As someone who’s traveled – legally – to Cuba twice, to meet with and support our fellow Presbyterians in that land, I was much encouraged to witness the Assembly vote to recommend that the U.S. government lift all restrictions on travel to Cuba.
The real surprise was that the vote was unanimously recommended by the Peacemaking and International Relations Committee and approved by the whole Assembly by a simple voice vote, with not a single person rising to speak against it.
The Assembly went on, after some cursory debate, to vote overwhelmingly to recommend that the U.S. government remove Cuba from its list of state sponsors of terrorism.
We’ve come a very long way in the dozen years since I last traveled to Cuba. I think most Americans are well aware that our government’s barriers to travel to Cuba, and trade with it, are meaningless remnants of a Cold War long since ended.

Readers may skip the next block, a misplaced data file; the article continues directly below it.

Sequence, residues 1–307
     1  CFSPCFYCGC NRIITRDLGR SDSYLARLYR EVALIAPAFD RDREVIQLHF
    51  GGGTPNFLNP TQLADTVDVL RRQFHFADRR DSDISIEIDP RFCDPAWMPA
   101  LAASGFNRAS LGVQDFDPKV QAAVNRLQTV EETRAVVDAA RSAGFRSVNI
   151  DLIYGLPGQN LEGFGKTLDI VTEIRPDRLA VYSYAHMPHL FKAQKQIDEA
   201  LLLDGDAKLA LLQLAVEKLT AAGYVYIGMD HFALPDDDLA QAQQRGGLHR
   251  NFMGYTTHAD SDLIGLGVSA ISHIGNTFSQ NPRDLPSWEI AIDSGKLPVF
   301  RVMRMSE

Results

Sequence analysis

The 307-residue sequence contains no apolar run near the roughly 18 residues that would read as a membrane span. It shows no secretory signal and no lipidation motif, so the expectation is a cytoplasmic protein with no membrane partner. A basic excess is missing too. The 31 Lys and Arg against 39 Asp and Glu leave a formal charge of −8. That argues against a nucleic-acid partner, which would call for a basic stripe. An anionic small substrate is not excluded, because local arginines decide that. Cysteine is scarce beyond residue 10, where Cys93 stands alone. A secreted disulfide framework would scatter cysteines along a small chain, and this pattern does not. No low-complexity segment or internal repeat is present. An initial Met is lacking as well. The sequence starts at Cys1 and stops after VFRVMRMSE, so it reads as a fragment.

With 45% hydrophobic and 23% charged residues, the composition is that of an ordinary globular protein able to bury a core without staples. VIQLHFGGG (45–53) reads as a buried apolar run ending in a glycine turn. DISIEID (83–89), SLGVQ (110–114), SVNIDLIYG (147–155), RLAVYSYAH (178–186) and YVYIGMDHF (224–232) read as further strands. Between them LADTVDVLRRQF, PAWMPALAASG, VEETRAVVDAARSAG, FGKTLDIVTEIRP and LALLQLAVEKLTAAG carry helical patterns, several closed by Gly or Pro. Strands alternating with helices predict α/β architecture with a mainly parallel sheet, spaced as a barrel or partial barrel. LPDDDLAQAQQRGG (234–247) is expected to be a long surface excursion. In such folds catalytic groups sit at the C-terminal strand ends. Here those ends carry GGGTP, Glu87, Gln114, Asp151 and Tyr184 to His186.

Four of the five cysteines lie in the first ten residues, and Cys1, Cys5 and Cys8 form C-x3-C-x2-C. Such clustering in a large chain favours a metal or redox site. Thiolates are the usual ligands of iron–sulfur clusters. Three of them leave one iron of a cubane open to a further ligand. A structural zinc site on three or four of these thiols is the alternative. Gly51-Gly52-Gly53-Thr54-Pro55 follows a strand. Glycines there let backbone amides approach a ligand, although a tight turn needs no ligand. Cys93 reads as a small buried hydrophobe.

Before the Cuban revolution and for a few years after, Cuban Presbyterian churches were part of the old Synod of New Jersey. Cuban Presbyterians were just as much members of our denomination as Puerto Rican Presbyterians now are. Although Cuba now has a national Presbyterian church whose members would never want to return to their former status of being organically related to us, both these votes make me hopeful that the day will soon come when we will both be free to enjoy close ties once again.